WASHINGTON (Reuters) - Cuba has freed some of 53 people the United States regards as political prisoners, as agreed under last month’s U.S.-Cuban rapprochement, the U.S. State Department said on Tuesday in its first public acknowledgement that some detainees have been released.
The lack of information about the fate of the detainees, who President Barack Obama’s administration has refused to identify by name, has provided ammunition for congressional critics of Obama’s restoration of ties to Havana.
“They have already released some of the prisoners. We would like to see this completed in the near future,” State Department spokeswoman Jen Psaki told reporters, saying she would not provide a specific number.
Elizardo Sanchez, leader of the dissident Cuban Commission for Human Rights and National Reconciliation, which monitors such detentions, said his organization was not aware of anyone being released.
“We don’t have any information up to now,” Sanchez said in a telephone interview in Havana. “No names... We’ll wait and see.”
White House spokesman Josh Earnest told reporters one reason the prisoners were not being identified was because “we don’t want to put an even bigger target on their back as political dissidents.”
Florida Senator Marco Rubio, a Cuban-American Republican who is a leading congressional opponent of Obama’s policy shift, urged Obama to cancel upcoming talks with Havana - at least until all the prisoners are released.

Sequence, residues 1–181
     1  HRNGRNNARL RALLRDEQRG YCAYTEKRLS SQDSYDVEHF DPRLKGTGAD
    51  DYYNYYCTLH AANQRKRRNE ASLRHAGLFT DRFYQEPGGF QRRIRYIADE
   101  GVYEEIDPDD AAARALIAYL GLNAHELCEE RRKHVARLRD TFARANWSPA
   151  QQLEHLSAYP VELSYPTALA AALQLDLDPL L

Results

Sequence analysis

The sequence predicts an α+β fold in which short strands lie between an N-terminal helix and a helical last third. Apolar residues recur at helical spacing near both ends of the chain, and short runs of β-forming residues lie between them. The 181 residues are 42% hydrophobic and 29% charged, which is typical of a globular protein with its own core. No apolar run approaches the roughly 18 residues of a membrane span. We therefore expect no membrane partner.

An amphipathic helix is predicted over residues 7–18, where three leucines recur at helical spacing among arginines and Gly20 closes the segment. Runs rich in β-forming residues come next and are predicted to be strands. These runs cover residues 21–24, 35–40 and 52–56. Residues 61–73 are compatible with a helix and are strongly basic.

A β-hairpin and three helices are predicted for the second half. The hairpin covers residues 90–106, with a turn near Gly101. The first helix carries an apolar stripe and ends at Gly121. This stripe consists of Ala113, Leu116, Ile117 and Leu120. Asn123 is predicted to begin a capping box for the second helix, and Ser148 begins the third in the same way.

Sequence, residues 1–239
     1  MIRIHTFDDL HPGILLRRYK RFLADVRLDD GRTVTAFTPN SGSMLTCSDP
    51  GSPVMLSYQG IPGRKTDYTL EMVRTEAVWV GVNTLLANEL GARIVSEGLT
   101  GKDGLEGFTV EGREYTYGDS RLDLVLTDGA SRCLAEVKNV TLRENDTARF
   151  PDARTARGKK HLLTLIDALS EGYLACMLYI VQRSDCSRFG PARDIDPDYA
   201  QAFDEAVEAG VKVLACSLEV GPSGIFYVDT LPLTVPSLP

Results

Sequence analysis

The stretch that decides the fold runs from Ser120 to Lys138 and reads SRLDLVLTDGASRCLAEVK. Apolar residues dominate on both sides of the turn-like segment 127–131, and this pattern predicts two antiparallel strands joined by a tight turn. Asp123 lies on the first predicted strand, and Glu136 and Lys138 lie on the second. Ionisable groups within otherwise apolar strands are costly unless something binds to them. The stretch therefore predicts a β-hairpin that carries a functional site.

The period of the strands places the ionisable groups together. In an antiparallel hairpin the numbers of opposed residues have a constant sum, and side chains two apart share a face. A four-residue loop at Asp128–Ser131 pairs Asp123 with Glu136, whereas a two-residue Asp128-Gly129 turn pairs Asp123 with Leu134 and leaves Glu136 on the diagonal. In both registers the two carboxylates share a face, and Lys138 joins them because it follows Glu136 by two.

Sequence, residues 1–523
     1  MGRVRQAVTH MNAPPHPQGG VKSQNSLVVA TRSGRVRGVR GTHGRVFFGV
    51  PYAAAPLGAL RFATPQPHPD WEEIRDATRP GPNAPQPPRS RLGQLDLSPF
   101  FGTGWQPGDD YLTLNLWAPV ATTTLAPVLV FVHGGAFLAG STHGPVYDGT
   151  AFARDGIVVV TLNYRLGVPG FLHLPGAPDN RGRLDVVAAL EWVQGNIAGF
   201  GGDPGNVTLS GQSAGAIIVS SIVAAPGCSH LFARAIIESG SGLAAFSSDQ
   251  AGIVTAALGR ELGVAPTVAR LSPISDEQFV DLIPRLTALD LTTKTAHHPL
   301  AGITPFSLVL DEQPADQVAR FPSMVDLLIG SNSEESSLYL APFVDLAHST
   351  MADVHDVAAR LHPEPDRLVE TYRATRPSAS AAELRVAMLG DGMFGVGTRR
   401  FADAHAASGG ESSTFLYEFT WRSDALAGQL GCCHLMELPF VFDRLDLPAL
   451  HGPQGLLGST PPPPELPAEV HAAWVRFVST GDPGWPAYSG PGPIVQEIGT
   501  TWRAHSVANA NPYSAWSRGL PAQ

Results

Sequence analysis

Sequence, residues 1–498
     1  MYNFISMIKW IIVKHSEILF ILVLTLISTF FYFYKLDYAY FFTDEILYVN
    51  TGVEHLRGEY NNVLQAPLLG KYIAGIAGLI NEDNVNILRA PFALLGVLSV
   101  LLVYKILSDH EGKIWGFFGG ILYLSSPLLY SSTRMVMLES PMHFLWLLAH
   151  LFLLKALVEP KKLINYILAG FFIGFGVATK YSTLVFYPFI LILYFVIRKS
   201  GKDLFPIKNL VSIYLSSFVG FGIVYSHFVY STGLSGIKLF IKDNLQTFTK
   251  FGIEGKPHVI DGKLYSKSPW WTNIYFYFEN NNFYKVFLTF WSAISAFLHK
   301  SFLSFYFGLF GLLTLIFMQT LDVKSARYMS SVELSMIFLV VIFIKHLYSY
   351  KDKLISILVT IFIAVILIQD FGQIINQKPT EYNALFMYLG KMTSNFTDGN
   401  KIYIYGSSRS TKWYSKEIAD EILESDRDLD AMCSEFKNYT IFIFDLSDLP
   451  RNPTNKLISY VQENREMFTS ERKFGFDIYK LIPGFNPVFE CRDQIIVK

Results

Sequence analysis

The release of all 53 is not a pre-condition for holding talks on migration and on the eventual normalization of relations between the United States and Cuba that are scheduled to take place later this month, Psaki said.
On Monday, Psaki had said she was unable to say whether any of the 53 had yet been freed. Their promised release was part of Obama’s Dec. 17 announcement of the diplomatic shift.
The thaw in relations with Cuba after five decades of hostility, would end one source of tension between the United States and the many nations in Latin America with ties to the island.
On Tuesday, Obama discussed Cuba with Mexican President Enrique Pena Nieto during a White House meeting. Pena Nieto pledged that his country would be a “tireless supporter” of the move to normalize relations.
Reporting by Arshad Mohammed, Patricia Zengerle and Matt Spetalnick in Washington and Nelson Acosta in Havana; Editing by Jason Szep, Richard Chang and Gunna Dickson